Israelis went to the polls this Tuesday and returned Prime Minister Benjamin Netanyahu to office. Had Bibi run versus Isaac Herzog among American Jewish voters, he would have lost. He would have lost almost as badly as Barack Obama would lose against Bibi in Israel. The fact that Netanyahu garnered 29 mandates against his opponent’s 24 was as shocking to the majority of American Jews as the fact that Jewish Americans voted overwhelmingly – twice – for Barack Obama is to most Israelis.
Jewish life is composed of tribes – Orthodox, secular, my shul, your country club, Ashkenzai, Ethiopian, etc. But the two biggest tribes are American and Israeli. Different cultures, different languages, different reality. Israel and America are the twin study of Jewish life: same birth, same heritage, but vastly different nurturing – and so very different natures.
For years the greatest myth American Jews have been telling themselves is that Israeli Jews are just like us. That works because we tend to prove this to ourselves by cherry-picking the Israel we most identify with.
In a strange way, I feel kind of sorry for Netanyahu. The people who’ve suddenly decided he’s a demagogue are apparently unaware of who his coalition partners were and that his controversial pre-election statements stole voters from them. It’s not like Israeli liberals suddenly switched their votes over to Bibi, they’ve heard all this before. The voters who switched were going to vote for Bennett and Lieberman.Naftali Bennett was/is Bibi’s Minister of the Economy. His base are settlers and they have no interest at all in a two-state solution. Their dream is Greater Israel, and Naftali discussed various ways to achieve that last year, including expulsions. I wrote a diary about this at the time.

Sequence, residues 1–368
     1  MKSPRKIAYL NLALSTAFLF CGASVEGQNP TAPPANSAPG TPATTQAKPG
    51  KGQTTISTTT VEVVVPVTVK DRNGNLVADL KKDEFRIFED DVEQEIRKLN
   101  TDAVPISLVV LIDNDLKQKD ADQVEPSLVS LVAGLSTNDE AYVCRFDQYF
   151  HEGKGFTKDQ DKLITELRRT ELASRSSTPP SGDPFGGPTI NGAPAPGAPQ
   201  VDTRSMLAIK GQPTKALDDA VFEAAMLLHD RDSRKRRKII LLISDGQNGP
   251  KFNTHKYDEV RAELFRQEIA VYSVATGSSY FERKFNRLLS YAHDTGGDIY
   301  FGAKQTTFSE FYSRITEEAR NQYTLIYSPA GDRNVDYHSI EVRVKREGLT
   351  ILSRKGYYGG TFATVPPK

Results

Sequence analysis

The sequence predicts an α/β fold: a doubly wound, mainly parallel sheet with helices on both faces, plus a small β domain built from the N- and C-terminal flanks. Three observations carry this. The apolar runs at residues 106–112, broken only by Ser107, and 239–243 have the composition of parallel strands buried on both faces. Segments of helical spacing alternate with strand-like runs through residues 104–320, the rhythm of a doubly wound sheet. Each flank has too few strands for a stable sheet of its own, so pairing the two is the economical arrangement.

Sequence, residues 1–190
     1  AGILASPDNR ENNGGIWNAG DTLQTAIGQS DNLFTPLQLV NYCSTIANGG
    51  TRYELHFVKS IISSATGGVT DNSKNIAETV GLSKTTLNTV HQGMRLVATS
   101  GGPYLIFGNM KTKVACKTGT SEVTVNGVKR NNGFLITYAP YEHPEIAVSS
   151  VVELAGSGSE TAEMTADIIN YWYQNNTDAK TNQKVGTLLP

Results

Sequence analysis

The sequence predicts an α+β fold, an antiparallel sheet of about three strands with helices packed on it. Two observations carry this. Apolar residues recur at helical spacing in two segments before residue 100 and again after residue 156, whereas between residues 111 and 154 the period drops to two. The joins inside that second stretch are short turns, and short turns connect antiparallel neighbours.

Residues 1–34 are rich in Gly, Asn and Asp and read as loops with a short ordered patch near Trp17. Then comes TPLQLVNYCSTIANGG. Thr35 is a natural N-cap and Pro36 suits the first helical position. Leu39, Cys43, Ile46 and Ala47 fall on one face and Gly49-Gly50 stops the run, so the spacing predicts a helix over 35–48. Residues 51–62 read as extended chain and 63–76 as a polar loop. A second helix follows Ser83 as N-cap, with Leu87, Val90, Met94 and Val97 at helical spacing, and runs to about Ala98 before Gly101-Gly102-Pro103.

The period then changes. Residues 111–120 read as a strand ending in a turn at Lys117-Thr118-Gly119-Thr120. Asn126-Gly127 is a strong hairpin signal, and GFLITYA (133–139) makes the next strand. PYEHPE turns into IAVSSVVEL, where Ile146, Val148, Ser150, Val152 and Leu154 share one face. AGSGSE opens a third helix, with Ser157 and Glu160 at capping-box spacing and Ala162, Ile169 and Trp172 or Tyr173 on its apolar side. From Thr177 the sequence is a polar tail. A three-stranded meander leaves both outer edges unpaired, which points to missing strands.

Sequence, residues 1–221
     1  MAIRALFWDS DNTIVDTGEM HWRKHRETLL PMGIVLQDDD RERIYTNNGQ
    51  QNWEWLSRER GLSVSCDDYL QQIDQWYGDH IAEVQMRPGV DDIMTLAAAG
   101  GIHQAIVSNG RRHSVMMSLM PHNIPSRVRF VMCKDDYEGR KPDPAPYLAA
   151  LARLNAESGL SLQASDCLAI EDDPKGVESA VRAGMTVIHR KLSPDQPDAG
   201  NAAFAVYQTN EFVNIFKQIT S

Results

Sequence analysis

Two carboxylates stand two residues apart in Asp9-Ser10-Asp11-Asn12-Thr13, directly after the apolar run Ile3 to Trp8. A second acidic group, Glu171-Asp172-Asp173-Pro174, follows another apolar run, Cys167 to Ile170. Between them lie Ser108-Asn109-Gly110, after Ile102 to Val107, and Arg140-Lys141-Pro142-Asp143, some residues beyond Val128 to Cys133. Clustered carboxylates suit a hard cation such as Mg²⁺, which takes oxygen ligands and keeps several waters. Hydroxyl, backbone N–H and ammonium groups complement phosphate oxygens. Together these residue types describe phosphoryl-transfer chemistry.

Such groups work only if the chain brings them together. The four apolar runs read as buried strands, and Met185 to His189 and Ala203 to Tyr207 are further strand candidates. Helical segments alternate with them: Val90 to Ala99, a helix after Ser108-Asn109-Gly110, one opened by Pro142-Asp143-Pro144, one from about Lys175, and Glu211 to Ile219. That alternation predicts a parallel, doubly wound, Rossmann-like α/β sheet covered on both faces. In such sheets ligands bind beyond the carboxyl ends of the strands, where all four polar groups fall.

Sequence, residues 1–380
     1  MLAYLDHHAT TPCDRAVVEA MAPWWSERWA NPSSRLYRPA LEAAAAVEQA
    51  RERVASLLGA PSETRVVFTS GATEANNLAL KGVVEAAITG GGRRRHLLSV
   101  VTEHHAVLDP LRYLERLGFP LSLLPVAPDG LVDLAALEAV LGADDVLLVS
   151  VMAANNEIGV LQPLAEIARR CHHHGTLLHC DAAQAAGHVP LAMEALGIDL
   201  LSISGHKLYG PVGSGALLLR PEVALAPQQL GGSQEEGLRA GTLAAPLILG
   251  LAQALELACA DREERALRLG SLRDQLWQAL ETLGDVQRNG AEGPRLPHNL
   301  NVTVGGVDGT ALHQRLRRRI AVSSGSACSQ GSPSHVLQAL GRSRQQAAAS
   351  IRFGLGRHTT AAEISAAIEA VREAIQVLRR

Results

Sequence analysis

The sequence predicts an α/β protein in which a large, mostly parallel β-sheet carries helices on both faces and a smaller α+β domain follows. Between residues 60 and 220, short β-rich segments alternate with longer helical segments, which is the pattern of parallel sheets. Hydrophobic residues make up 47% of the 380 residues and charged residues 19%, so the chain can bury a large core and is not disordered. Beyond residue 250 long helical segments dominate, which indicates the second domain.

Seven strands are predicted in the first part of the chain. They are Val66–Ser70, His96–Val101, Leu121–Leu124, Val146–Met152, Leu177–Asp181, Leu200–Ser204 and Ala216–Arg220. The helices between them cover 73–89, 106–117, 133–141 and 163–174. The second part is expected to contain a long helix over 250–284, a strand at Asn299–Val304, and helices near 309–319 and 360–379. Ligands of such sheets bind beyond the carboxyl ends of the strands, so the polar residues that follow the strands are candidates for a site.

And compared to his Foreign Minister, Avigdor Lieberman, Bibi is an Israeli Arab’s best friend. Lieberman’s party are mostly ex-Soviet and he’s the guy who got on TV during the campaign and said disloyal Arabs should be beheaded. Everyone in Israel is so used to Liberman saying shit like this that all he could muster was some exasperated protest from Palestinian members of the Knesset.